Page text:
How Does One Handle Homophobia When It’s Coming From a Human Rights Organization?

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This story of homophobia within a human rights organization was contributed by a Hornet user through our Community Platform. You, too, can contribute stories to Hornet. Head here for more info on writing for us. 

Pakistan’s legal system is a mix of laws from the colonial period and Sharia law. Unfortunately, LGBTQ people are one of the most vulnerable populations, as state-sanctioned discrimination causes an environment of fear, persecution and marginalization. Though Pakistan is a signatory of many human rights treaties and conventions, the government ignores them and hasn’t even ratified them.

I was just 15 years old when I was first attacked because of my sexual orientation. It was then that I promised myself I would not be a victim. I would be a fighter, working to help other marginalized people around me.

After I completed my studies, I went to work with human rights organizations, focusing on sexual health and LGBTQ rights. I made my name as a young human rights leader by working with different international organizations for over four years.

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Last year I signed onto a four-month cultural exchange project with a well-known organization that works in many countries. Though the organization’s core is based in volunteering, with my experience I was selected to lead the group by planning a Social Action Project (or SAP) on peace and helping different communities bond.

But I soon realized the organization was not LGBTQ-friendly at all. I was constantly hearing homophobic comments. Even the senior program manager asked why LGBTQ volunteers were let into the SAP.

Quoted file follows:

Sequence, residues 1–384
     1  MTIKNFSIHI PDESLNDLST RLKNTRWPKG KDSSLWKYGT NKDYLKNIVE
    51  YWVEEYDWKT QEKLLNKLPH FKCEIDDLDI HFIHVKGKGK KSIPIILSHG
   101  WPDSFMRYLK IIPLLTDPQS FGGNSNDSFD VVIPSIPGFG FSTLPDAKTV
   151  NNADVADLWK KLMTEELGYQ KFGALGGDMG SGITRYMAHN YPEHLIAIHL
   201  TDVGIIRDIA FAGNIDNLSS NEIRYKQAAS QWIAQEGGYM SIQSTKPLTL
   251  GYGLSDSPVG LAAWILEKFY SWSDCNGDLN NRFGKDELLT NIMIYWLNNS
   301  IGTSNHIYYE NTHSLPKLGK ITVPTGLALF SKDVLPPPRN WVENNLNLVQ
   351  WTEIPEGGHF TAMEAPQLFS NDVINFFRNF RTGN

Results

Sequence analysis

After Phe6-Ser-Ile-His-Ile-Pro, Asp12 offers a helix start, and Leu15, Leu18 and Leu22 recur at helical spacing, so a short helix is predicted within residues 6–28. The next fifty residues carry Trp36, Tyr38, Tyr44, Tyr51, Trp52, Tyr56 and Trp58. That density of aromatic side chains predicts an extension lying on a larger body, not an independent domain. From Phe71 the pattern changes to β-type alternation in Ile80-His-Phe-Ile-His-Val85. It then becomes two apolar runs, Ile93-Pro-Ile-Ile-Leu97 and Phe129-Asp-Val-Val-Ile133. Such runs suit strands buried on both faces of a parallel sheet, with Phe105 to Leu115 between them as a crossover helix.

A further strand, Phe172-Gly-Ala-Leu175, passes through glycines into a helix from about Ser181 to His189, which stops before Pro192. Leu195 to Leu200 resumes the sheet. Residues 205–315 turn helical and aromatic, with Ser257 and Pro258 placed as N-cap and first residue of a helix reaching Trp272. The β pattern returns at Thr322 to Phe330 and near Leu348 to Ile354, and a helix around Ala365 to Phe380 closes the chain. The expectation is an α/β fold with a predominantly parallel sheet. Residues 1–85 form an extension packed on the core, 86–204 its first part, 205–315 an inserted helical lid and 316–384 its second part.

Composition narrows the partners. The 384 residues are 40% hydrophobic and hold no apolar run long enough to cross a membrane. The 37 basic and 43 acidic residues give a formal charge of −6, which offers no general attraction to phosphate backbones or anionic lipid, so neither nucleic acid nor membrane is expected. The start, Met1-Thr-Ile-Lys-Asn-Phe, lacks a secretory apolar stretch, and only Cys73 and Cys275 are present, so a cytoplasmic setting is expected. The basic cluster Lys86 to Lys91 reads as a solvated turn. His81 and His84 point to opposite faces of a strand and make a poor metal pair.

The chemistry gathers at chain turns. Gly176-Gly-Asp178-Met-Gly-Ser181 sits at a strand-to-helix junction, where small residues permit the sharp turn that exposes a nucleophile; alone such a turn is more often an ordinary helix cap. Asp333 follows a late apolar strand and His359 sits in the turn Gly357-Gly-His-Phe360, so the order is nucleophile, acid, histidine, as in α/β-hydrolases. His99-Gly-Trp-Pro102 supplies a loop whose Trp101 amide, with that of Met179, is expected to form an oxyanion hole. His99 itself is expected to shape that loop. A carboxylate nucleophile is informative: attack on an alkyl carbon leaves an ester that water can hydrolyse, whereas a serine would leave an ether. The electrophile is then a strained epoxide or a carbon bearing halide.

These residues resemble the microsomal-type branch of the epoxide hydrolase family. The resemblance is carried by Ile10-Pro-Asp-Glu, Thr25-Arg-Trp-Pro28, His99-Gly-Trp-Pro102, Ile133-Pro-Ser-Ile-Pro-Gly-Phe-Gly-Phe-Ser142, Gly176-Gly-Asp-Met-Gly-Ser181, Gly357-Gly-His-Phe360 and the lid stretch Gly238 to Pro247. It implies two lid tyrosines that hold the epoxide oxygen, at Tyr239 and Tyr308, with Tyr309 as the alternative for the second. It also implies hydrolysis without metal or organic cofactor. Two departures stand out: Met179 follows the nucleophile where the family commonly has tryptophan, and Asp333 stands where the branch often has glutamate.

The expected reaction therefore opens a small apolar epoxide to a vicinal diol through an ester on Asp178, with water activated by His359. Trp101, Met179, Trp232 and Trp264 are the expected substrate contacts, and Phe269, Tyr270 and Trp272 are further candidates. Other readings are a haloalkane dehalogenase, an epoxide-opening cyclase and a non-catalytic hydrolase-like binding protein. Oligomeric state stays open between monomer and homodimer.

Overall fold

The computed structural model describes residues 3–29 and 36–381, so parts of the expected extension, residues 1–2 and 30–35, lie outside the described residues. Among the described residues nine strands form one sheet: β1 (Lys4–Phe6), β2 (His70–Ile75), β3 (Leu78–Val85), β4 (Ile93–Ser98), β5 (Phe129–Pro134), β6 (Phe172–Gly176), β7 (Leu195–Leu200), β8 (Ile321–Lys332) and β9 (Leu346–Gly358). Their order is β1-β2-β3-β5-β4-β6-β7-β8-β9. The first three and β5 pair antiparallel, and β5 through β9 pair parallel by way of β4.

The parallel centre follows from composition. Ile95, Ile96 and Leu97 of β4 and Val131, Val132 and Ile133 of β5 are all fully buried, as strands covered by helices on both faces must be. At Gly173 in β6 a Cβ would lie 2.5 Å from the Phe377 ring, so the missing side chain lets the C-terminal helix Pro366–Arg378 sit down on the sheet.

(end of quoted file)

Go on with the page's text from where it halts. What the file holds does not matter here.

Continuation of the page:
One day I received a recording of my colleagues — who call themselves “peace promoters” — making extremist comments about the LGBTQ community. I was utterly heartbroken. When I shared this recording with a superior, she wrote down my story and promised she’d report it to senior management.

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But instead of actually addressing the issue, they sided with my colleagues. They began harassing me — constant questions about my character, my religion and the anti-LGBTQ laws in Pakistan, even though non-government organizations are supposed to be non-political and non-religious. They also removed transgender volunteers from the SAP without giving a reason.

The experience was a nightmare. I was traumatized; I took an excessive number of antidepressants. I felt isolated and feared for my physical safety. I was worried the comments would soon escalate into violence.

One of my colleagues eventually felt guilty about his role and sent me an email explaining things. Though I didn’t get justice from the Pakistan office, I’m planning to take this to the organization’s regional office in Bangkok — and if I can’t get justice there, to the head office in the United Kingdom. I only hope they’re not homophobic as well.

As part of our ongoing #DecriminalizeLGBT campaign, Hornet is highlighting the experiences of those impacted by such laws. LGBT people are criminalized in over 70 countries around the globe. Governments have become increasingly hostile toward the LGBT community, and people have been arrested, tortured and murdered. The fight for LGBT rights is an ongoing struggle, but through activism, organizing and speaking out, we will succeed.

Hornet is working in collaboration with MSMGF to seek various stories from our communities. MSMGF has been a leader in the fight against these laws, particularly in regards to gay men’s health.